Workforce Development

workforce development

We talk a lot about local workforce development at Jesus Was Homeless – and with good reason! Because the path out of poverty starts with getting a good, full-time job.

While we know the toll poverty takes on the individual, have you ever stopped to consider the price it takes on the local Branson area economy?

First, businesses must bear the unbelievably high cost of workforce turnover. When employees come and go, the employer is forced to find replacements. It takes time to advertise for help wanted, interview prospective workers and then train them for their new job. That may not sound like much to you, but it’s costly to the employer. It takes a big bite out of the company’s bottom line and deprives it of money that could otherwise have gone towards employee benefits and improved salaries.

Then there are state and federal government entitlement programs. When too many people depend on them to supplement their income, be it through fraud, abuse or seasonal dependence, that places an additional tax burden on all of us. Every dollar that is sent in taxes to Washington or Jefferson City is a dollar that won’t be spent locally, and thus won’t help grow Branson’s economy.

We’re also handicapped by both low wages and seasonal wages. People who are stuck in a job that will never pay them more than $10 an hour will not go above and beyond the call of duty to help their company succeed, and thus, grow. That puts businesses in an economic rut from which there is no escape. When a business pays a minimum wage salary, or something very close to it, they can only expect minimal effort from their workers in exchange. That’s not good for anyone – the business, the worker, or the local economy.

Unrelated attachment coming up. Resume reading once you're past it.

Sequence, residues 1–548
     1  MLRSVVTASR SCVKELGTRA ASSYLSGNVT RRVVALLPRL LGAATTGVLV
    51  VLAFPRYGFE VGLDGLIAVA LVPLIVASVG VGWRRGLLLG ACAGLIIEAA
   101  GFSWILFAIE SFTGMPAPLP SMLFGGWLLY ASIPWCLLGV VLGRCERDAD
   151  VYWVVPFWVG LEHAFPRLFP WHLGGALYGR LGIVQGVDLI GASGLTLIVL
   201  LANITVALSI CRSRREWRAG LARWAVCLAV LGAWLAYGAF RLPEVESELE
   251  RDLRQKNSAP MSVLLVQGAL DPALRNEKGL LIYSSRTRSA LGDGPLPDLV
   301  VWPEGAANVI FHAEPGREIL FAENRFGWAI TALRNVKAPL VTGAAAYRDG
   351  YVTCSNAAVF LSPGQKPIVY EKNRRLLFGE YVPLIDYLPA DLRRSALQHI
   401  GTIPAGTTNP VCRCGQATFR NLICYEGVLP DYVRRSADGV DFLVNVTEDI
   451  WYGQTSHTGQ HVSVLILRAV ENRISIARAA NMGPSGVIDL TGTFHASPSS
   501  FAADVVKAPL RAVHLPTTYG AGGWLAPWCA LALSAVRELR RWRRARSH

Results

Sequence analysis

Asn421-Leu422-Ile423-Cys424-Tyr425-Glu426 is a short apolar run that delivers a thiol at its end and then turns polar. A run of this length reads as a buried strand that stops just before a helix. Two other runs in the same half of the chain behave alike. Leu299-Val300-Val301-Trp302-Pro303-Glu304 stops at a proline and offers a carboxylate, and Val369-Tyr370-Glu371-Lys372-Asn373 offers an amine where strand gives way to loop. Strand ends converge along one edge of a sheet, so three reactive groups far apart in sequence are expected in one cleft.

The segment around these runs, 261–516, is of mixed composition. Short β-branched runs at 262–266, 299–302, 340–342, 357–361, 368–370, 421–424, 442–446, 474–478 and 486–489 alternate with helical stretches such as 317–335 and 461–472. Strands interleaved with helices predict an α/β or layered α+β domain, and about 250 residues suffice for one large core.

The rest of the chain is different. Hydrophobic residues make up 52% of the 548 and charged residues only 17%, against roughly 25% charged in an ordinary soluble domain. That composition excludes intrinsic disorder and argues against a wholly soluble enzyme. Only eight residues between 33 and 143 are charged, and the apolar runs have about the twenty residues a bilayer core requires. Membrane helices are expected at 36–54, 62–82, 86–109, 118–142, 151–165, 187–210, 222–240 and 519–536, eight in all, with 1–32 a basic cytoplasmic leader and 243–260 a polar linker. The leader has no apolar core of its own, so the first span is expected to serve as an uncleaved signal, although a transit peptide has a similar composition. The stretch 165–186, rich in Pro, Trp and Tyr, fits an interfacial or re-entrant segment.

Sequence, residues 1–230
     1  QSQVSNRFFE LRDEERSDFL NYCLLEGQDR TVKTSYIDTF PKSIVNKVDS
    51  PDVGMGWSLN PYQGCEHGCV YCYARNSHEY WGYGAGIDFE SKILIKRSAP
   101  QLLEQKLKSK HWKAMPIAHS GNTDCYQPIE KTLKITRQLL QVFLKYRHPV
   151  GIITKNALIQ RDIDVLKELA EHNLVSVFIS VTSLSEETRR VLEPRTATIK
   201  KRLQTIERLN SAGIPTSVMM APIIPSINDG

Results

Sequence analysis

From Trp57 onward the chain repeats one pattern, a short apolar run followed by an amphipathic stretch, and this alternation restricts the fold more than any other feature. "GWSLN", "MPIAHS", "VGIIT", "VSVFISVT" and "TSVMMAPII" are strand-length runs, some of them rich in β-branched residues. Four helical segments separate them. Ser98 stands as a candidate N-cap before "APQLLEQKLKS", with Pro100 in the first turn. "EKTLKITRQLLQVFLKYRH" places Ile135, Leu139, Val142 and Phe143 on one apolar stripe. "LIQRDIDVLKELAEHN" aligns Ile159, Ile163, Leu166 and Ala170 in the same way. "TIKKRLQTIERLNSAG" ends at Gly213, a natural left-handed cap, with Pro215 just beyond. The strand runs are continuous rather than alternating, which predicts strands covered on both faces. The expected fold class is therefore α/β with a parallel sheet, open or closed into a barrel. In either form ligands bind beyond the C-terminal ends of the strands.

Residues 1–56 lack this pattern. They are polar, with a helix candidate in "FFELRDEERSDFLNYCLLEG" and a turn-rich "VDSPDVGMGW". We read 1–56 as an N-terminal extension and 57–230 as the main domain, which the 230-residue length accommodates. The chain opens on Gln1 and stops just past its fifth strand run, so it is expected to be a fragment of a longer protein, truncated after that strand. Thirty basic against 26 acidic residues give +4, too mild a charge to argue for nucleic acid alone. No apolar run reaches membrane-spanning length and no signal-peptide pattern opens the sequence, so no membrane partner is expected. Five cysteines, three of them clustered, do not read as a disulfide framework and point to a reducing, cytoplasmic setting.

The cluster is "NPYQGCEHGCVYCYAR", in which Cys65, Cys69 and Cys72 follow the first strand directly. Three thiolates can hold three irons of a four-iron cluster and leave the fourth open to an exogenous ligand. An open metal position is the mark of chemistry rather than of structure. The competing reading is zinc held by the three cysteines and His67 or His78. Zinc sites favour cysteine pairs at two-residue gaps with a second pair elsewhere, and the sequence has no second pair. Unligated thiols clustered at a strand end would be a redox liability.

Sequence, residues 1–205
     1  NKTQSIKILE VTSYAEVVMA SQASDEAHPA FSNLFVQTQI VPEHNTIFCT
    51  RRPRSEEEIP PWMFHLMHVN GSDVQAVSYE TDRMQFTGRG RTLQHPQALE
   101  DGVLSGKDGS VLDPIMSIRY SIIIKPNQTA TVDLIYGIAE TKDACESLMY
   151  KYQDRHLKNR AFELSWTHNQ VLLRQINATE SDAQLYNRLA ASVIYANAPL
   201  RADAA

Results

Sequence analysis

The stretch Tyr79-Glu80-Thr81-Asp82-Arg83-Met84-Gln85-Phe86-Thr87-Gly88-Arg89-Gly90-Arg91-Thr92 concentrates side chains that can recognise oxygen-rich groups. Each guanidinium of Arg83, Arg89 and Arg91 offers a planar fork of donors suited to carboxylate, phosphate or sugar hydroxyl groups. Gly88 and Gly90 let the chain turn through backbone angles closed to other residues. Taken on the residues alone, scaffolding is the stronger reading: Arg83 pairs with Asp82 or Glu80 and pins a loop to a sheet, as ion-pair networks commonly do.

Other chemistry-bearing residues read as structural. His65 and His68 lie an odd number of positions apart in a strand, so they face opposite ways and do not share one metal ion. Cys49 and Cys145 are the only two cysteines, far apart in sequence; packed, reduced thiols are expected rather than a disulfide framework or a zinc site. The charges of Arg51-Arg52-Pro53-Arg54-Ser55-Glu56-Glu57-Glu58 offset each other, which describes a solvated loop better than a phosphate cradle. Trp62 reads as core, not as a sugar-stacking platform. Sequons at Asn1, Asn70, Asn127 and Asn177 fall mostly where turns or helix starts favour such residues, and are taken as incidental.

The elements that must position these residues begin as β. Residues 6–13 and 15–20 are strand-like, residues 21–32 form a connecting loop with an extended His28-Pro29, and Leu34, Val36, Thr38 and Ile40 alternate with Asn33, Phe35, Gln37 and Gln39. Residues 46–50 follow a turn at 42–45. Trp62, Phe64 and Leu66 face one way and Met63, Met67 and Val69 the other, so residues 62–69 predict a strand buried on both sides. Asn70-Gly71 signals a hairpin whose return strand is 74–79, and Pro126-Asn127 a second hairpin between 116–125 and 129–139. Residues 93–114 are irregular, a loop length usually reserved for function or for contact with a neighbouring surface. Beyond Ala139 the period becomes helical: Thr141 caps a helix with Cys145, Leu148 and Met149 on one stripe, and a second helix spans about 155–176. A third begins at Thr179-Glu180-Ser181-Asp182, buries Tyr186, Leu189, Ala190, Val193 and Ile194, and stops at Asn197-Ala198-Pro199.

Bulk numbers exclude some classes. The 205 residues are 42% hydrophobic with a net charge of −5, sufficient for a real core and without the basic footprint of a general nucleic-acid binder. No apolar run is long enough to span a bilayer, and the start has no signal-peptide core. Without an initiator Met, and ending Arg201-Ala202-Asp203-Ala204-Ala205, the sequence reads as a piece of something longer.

The customer experience comes into play here as well. Experience has shown that visitors are willing to pay more for an upscale experience, be that in dining, accommodations, or attractions. However, a big part of satisfying those visitors comes from workers who deliver exceptional customer service. And as I just wrote – you don’t get exceptional service from a minimum wage employee who’s only interested in meeting minimal expectations. Remember the old saying, “You get what you pay for?” As soon as Branson area employers realize that they can increase their profits by paying higher wages and developing a more professional workforce, they will begin to see real results in their economic growth.

I could go on and on (for example, we haven’t even talked about the role employee benefits play in this discussion), but you get the idea.

At Jesus Was Homeless, we’re doing our part to make things better with our successful Jobs for Life program. It doesn’t just train people how to find a job, but also how to become a model employee and embark on a career. In short, we’re helping meet the need for quality workers that businesses tell us they want.

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